He must have left behind hundreds of thousands of Jews impacted by the Torah he disseminated and the initiatives he began. Like Moses who saw an Egyptian beating a Jew; he looked around and saw there was no man, and he smote the Egyptian. If there was no one taking decisive action, he took action. This was the Rosh Yeshiva. Don't jump to the head to be a big shot, if someone else is taking care of the problem. Don't be an activist for the sake of a position. But pay attention. Look to see what's going on with your People. If they're being beaten up, if they're falling by the wayside. And take action.

The Rosh Yeshiva did not shy away from action when the situation demanded he fearlessly lead the charge. One day the extent of his selflessness -- both personal and corporate -- will be revealed. So much more than anyone knows, Rav Noach Weinberg was a fearless fighter and defender of the Jewish People, wherever and whoever they were.

This week is the week of self sacrifice, the week in which the Israelites walked into the sea. It was God who suspended the laws of nature and split the sea, but it took the commitment of the Jewish people to walk forward, to stick to the mission, to have true trust in God for the sea to split before them. As Rav Noach would always tell us, "There's nothing you can do for God! He has it all." But He has given us the privilege to take the minute action it takes to split the sea.

Our enemies are willing to sacrifice for what they believe in. How many of us are willing to really give up for the sake of our fellow Jew, for the sake of God's honor? Rav Noach Weinberg gave up everything in order to do that which he understood to be the most important mission of our generation. He understood that the greatest Chillul Hashem (desecration of God's Name) of all is God's own children turning their back and drifting away. He stood up and pounded on the doors of Jewish leadership near and far -- for 30 years – before anyone began to listen.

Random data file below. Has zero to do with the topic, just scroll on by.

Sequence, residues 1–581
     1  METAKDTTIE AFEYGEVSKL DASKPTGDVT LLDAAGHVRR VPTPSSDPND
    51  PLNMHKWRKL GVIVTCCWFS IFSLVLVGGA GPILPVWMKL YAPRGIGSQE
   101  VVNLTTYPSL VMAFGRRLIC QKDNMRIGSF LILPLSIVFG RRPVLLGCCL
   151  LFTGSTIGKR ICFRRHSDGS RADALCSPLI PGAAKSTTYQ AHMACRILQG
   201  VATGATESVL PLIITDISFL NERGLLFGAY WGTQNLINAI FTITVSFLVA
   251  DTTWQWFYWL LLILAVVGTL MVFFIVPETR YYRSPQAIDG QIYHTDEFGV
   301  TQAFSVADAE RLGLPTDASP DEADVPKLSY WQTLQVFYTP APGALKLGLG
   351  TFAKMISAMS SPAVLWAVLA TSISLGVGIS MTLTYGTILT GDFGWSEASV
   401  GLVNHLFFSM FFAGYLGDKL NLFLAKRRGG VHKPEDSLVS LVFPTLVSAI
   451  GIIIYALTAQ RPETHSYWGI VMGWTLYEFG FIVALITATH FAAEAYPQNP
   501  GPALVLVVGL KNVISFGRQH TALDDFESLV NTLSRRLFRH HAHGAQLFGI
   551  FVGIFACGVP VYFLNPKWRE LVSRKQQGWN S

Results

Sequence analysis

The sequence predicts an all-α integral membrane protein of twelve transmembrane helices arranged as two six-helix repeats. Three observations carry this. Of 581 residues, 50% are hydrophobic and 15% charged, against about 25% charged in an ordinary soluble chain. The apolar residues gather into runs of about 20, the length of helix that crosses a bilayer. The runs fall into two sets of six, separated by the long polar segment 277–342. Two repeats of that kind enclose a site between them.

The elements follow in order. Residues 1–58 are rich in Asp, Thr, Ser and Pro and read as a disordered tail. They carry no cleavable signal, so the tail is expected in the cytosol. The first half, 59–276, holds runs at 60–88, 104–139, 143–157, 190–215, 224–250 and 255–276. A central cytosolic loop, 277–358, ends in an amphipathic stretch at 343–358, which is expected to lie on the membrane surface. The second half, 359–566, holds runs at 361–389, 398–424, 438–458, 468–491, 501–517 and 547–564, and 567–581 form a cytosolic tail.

He taught me to love every Jew and never to judge. To think and not just jump.


Over the course of 50 years he fought tirelessly for sake of God's beautiful children. As a father of 12 children, a grandfather and great grandfather of so many, he knew and felt the pain of our loving Father who so yearns for His lost children. He brought people together who have gone on to build dozens of worthy institutions the world over. He catalyzed initiatives that have truly changed the Jewish world.

He tried to teach me many things. I don't know if I always heard, but he taught me to love every Jew and never to judge. To think and not just jump. To build a team and recognize each person's talents. To take God seriously and not bluff. To think of God's BIG plans and get out of the way. To focus on the important things and not sweat the small. To stand up for what's right and know when to stand down when wrong.

There is so much more, but I wanted just to share a few of these thoughts .I ask you as a friend, a colleague, a supporter of Aish or as a fellow Jew, please remind me if I forget to act and behave as one of the smallest of Rabbi Noach Weinberg zt"l's students.